I have been trying to find out more about Eric de Maré, the 1950s architectural photographer whose fascination for industrial buildings was such a formative influence on a number of architects in the late 1950s, including Norman Foster and Michael Hopkins, who learned about the idea of anonymous architectural form in the photographs he supplied for The Functional Tradition as shown in Early Industrial Buildings, first published as a special issue of the Architectural Review in July 1957 and reissued the following year as a book supplemented by a few additional photographs by John Piper and Richards himself.
De Maré was the son of a Swedish timber merchant, educated at St. Paul’s and the Architectural Association, and worked for a period as an architect before becoming editor of the Architect’s Journal in 1943. After the war, he went freelance and wrote a book on Canals which demonstrated his fascination for the industrial vernacular, with a chapter on ‘Sculpture by Accident’ and photographs of lock valves, balance beams, and bollards. He described this as a form of functionalism: ‘its constiuent elements are geometry unadorned, and it owes its effects to the forthright, spare and logical use of materials’.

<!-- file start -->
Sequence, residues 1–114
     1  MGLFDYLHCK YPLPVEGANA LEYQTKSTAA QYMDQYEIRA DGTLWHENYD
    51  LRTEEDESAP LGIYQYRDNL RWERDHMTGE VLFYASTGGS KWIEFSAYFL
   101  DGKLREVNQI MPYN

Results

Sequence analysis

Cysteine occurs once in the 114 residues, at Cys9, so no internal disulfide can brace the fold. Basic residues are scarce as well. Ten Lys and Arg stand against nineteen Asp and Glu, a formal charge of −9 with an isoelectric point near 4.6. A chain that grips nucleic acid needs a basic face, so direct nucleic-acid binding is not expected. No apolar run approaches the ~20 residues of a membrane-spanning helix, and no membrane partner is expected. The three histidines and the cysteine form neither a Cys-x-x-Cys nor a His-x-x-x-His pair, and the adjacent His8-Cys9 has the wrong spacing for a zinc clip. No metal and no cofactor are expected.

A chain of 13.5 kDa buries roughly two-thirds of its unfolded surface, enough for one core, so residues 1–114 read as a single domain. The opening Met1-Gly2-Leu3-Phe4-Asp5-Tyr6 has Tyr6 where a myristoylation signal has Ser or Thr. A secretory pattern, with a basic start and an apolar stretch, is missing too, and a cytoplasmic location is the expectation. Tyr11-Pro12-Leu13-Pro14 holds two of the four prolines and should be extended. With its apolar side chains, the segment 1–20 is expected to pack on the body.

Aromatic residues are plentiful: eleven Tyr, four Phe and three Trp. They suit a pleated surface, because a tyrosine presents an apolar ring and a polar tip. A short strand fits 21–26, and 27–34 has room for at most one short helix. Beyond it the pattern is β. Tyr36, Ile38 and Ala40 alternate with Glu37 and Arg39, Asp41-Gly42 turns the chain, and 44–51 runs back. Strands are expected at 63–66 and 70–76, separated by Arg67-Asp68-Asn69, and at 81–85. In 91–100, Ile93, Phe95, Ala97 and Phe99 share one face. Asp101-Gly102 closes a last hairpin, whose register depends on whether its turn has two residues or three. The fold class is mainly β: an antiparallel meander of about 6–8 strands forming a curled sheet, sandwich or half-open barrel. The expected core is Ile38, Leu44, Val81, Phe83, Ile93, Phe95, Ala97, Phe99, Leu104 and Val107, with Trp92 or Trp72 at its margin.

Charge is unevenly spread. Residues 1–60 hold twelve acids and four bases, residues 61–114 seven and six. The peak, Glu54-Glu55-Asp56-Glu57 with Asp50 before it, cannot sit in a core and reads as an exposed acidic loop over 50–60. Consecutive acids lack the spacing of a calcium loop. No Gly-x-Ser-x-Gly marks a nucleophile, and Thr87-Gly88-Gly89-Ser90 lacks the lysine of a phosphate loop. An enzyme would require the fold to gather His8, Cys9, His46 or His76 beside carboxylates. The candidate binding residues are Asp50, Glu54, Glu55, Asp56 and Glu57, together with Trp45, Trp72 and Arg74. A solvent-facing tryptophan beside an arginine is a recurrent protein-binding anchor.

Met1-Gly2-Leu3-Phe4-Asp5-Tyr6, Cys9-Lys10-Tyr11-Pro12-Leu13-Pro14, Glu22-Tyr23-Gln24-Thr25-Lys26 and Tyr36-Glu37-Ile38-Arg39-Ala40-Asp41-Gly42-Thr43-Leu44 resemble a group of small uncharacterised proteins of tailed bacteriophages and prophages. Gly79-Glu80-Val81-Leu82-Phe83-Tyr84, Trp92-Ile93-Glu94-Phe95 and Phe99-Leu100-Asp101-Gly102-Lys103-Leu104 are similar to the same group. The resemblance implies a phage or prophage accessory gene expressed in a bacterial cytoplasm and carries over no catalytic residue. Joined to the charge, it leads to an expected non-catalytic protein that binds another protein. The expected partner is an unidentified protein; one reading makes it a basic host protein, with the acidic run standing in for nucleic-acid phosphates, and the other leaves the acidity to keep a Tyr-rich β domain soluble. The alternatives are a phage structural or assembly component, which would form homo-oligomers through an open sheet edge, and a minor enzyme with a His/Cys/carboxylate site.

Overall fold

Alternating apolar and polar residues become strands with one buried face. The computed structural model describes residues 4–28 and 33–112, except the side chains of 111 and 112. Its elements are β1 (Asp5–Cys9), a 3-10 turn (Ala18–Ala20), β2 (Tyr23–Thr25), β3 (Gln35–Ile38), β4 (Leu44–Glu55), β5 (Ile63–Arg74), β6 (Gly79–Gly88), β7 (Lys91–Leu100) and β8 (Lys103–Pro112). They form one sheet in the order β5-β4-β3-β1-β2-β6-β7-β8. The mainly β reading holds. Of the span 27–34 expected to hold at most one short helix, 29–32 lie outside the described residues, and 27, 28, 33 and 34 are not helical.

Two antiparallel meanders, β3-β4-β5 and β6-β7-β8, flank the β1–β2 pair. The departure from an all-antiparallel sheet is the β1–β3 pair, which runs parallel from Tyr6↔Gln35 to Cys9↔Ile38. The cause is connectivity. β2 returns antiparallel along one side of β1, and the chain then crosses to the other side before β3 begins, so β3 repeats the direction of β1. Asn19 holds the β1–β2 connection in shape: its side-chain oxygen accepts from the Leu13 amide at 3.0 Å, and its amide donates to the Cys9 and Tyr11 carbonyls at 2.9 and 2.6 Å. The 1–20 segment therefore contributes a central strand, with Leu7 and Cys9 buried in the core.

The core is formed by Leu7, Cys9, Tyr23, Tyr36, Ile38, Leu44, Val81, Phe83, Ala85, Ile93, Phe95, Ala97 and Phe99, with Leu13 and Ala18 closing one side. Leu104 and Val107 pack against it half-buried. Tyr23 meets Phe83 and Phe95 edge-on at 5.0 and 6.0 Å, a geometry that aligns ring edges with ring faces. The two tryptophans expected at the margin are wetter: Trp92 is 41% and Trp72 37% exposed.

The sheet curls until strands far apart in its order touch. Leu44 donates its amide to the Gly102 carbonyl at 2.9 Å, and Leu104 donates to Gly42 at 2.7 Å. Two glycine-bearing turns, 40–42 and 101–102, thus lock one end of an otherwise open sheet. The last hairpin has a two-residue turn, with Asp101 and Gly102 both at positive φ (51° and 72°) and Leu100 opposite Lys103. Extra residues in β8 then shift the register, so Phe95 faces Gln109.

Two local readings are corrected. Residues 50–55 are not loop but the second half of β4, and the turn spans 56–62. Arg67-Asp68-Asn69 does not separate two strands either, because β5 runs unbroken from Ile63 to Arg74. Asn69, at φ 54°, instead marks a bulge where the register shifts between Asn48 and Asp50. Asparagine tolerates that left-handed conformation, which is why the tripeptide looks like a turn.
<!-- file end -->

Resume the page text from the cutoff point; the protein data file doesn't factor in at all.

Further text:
Michael Hopkins paid for the acquisition of de Maré’s photographic archive by the Architectural Association in 1990 and his book inspired the construction of the barge-boarded lift inserted into (or onto) the back of our house not so long ago:-